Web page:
How to learn a new language: Expert advice for acing your New Year’s resolution
This is it. This is the year you’re going to learn a new language.
Maybe you’re eager to speak the mother tongue of your parents’ homeland. Perhaps you need to know a second language for your career. Or maybe you want to challenge yourself with a New Year’s resolution, like Facebook CEO Mark Zuckerberg did when he decided to learn Mandarin.
Regardless of which language you choose, there are no shortcuts or magic programs to teach you in your sleep or during your morning commute. Experts say that to truly learn a language, you need to stay motivated and expose yourself to the new tongue on a regular basis. And you simply won’t be able to do that without putting down a book and striking up a conversation with a native speaker.
Here’s how you can learn a new language quickly and effectively, according to the experts.
Get out there and start speaking
Bonjour. Guten tag. Ni hao ma.
Irish polyglot Benny Lewis says the best way to learn a new language is to start with “hello” and throw yourself into everyday conversations with native speakers, regardless of how much you know beforehand.
“It’s essential to see a language as a means of communication, and to use it as quickly as you can,” Lewis told Global News. He says you shouldn’t worry about annoying a native speaker or perfecting your skills before using them in a real situation.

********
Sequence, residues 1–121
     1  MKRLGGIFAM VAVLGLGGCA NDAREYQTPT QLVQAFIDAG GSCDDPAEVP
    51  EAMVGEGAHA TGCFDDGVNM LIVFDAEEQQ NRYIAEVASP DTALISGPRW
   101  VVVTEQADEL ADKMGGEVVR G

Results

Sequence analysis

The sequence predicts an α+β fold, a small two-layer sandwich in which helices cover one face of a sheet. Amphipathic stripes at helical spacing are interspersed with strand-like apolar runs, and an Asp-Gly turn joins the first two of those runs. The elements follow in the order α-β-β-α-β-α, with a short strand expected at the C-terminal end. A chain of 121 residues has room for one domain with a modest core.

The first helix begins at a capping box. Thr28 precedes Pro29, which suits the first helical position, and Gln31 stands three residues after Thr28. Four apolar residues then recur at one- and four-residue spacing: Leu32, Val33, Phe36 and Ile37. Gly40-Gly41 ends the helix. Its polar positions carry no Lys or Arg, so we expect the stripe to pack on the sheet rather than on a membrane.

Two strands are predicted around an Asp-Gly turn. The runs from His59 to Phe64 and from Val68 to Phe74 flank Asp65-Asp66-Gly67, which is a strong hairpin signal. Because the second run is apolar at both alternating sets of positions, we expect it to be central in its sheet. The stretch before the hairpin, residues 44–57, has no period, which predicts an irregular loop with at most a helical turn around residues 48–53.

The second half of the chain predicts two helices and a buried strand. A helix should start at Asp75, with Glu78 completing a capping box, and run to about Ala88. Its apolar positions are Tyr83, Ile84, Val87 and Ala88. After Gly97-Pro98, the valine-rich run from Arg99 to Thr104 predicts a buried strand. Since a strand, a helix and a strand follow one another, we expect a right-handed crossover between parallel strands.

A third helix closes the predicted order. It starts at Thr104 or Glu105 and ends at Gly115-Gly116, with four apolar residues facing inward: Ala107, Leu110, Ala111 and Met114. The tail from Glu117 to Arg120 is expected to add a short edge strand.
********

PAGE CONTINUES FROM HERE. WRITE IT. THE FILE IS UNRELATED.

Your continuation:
“I embrace making mistakes. I’m OK with sounding like Tarzan or a caveman,” he said.
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Global Affairs Canada embraces a similar approach when it teaches diplomats to speak the language of a foreign country.
“They start speaking it every day from Day 1,” said Carmen Zafiu, director of Global Affairs’ Centre for Foreign Languages (CFSL).
“A good language learner can tolerate ambiguity and shouldn’t be afraid of mistakes,” Zafiu said.
Students at the CFSL spend six hours per day speaking with a language tutor, in addition to 1.5 hours of individual study. They spend approximately eight months to two years working on their skills until they can converse at a high level in the target language. Students also spend time living in a foreign country to polish their skills.
Zafiu says the program is more intensive than anything you’ll see on the commercial market, but that doesn’t mean you can’t achieve the same results. It just takes time and dedication.
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Lewis didn’t get nearly the same training when he was growing up. He only spoke English as a child and initially struggled to learn Spanish as his second language, even after moving from Ireland to Spain in his 20s.
“I lived there for six months thinking that osmosis would do the trick.… but after those six months, I still could not speak even basic Spanish,” he said.
His breakthrough moment came after a friend told him to stop being shy and start using his meagre Spanish as much as possible. He took that advice and his Spanish improved rapidly, to the point where he could converse fluently by the end of his first year in Spain. Later, he started applying the same conversation-focused approach to other languages and added them to his repertoire.